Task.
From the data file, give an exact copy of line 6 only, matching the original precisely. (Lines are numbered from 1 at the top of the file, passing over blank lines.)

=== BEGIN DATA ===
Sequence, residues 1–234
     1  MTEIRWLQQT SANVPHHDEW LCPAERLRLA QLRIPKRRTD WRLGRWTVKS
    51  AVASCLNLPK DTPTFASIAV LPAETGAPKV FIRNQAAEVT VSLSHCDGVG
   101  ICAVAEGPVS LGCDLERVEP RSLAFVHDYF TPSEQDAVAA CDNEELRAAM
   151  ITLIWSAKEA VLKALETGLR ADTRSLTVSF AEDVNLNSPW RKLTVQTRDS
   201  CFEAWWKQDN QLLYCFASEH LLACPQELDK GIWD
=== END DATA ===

   201  CFEAWWKQDN QLLYCFASEH LLACPQELDK GIWD